Enter your mobile number below and we'll send you a link to download the free Kindle App. Then you can start reading Kindle books on your smartphone, tablet, or computer - no Kindle device required.
Getting the download link through email is temporarily not available. Please check back later.

  • Apple
  • Android
  • Windows Phone
  • Android

To get the free app, enter your mobile phone number.

Qty:1
  • List Price: $18.00
  • Save: $6.75 (38%)
FREE Shipping on orders with at least $25 of books.
In Stock.
Ships from and sold by Amazon.com. Gift-wrap available.
Deluxe: How Luxury Lost I... has been added to your Cart
FREE Shipping on orders over $25.
Condition: Used: Acceptable
Comment: There is heavy wear to the cover and edges. There may be markings in the book.
Have one to sell? Sell on Amazon
Flip to back Flip to front
Listen Playing... Paused   You're listening to a sample of the Audible audio edition.
Learn more
See all 2 images

Deluxe: How Luxury Lost Its Luster Paperback – July 29, 2008

4.5 out of 5 stars 134 customer reviews

See all 9 formats and editions Hide other formats and editions
Price
New from Used from
Kindle
"Please retry"
Paperback
"Please retry"
$11.25
$4.99 $0.01

Security
ITPro.TV Video Training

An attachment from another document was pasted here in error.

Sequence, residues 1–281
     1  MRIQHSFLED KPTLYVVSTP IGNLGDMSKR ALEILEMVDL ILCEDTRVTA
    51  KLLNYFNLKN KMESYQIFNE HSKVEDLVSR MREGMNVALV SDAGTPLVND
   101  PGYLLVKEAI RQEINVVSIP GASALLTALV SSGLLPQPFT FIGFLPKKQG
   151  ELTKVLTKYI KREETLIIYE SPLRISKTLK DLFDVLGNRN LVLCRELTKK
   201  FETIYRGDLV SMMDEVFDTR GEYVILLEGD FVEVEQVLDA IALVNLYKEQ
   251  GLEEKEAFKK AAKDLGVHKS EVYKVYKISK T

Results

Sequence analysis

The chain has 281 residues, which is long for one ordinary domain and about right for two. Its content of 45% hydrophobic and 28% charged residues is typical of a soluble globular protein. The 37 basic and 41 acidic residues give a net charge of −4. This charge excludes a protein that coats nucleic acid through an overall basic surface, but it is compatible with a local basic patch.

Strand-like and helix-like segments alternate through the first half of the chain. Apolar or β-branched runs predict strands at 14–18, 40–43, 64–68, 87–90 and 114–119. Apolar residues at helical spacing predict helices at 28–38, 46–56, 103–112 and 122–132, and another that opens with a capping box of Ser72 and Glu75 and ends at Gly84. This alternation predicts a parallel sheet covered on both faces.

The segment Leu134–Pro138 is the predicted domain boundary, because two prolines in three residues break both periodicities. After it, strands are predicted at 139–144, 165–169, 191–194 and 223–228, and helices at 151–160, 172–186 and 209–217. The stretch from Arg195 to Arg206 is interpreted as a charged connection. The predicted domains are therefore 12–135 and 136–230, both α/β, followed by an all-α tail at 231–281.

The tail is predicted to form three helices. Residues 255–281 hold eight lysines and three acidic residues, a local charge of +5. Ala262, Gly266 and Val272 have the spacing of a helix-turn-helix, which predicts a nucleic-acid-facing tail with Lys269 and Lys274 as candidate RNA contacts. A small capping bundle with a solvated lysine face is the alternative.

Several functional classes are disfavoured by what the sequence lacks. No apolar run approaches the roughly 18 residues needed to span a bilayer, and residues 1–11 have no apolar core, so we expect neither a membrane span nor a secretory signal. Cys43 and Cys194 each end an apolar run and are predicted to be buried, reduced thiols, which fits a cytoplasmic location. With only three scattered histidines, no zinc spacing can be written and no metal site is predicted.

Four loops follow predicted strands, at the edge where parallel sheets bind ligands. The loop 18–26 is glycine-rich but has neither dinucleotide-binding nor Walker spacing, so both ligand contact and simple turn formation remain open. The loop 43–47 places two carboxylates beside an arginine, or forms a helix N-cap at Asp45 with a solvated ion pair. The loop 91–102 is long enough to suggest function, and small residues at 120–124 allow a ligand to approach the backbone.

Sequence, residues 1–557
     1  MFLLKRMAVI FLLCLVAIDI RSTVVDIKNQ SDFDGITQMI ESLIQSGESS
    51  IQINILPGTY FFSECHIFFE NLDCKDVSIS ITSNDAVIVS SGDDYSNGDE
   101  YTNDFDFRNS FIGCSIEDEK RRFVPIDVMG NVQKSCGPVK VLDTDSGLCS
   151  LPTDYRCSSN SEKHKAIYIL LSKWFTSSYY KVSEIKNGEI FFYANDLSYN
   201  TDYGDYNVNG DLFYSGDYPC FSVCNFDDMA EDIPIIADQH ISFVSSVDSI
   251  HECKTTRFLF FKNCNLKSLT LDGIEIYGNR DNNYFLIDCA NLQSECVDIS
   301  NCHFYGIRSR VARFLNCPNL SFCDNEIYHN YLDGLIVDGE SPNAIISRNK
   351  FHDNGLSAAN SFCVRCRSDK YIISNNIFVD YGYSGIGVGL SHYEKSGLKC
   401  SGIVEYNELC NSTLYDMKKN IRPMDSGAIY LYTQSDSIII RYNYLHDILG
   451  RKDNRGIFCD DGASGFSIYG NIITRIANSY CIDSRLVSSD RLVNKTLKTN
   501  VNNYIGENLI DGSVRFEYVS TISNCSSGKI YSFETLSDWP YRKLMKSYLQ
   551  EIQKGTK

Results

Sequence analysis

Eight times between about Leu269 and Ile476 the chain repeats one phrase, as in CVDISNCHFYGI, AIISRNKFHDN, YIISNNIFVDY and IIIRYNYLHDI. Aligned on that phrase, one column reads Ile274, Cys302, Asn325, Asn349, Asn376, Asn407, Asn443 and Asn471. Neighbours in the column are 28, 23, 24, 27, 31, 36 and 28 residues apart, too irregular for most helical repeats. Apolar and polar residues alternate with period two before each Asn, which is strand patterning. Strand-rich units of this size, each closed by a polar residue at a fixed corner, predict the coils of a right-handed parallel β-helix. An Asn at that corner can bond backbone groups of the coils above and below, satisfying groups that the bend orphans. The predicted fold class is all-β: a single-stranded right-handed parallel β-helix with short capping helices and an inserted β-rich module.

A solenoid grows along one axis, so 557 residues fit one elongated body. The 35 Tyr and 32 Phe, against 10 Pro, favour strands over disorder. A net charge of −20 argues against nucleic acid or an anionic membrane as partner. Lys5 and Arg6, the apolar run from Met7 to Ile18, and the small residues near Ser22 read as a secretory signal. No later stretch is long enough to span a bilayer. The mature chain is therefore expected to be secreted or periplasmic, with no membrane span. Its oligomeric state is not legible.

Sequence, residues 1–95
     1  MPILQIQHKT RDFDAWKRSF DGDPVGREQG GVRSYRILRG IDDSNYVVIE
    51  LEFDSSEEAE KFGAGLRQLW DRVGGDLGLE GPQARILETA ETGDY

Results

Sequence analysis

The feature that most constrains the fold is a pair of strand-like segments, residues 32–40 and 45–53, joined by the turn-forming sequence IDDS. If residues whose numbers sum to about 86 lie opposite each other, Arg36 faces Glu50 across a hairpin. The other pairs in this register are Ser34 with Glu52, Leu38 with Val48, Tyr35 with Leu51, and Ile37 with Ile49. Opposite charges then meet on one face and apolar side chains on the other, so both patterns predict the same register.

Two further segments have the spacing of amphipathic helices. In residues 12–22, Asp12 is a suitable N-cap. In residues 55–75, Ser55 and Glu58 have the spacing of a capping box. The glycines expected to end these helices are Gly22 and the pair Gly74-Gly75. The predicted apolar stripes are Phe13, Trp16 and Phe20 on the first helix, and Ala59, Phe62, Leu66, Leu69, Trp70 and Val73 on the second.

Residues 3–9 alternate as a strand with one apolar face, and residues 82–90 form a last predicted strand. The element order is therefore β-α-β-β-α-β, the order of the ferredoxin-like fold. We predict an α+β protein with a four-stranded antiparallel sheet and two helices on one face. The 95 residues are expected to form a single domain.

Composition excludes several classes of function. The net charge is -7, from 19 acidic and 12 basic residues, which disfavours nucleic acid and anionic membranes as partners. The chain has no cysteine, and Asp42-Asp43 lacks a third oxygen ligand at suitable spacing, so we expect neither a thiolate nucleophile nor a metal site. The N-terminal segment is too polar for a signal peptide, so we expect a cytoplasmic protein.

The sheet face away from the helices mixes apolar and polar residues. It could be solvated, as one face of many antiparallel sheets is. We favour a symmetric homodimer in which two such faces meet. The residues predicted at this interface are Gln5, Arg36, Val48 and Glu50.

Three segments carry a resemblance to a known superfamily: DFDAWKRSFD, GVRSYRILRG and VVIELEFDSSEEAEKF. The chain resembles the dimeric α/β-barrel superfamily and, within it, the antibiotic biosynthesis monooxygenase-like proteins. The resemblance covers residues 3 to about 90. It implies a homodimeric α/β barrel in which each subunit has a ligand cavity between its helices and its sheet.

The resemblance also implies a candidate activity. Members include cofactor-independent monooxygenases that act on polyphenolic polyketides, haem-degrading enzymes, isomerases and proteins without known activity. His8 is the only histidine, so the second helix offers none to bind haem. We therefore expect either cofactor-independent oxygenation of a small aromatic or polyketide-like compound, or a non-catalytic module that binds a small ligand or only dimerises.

Take advantage of IT courses online anywhere, anytime with ITPro.TV. Learn more.
$11.25 FREE Shipping on orders with at least $25 of books. In Stock. Ships from and sold by Amazon.com. Gift-wrap available.
click to open popover

Frequently Bought Together

  • Deluxe: How Luxury Lost Its Luster
  • +
  • The End of Fashion: How Marketing Changed the Clothing Business Forever
  • +
  • Overdressed: The Shockingly High Cost of Cheap Fashion
Total price: $31.51
Buy the selected items together


Editorial Reviews

Review

The Devil Wears Herms (He Bought It at the Caesars Palace Mall in Las Vegas)
By MICHIKO KAKUTANI
Skip to next paragraph Back in the late 1980s, the Prada backpack made out of black or tobacco-brown parachute fabric trimmed in leather became the it bag for many would-be fashionistas. It was hip, modern, lightweight and at $450 expensive, but not as expensive as the stratospherically priced bags made by Herms and Chanel. According to the fashion reporter Dana Thomas, that Prada backpack was also the emblem of the radical change that luxury was undergoing at the time: the shift from small family businesses of beautifully handcrafted goods to global corporations selling to the middle market a shift from exclusivity to accessibility, from an emphasis on tradition and quality to an emphasis on growth and branding and profits.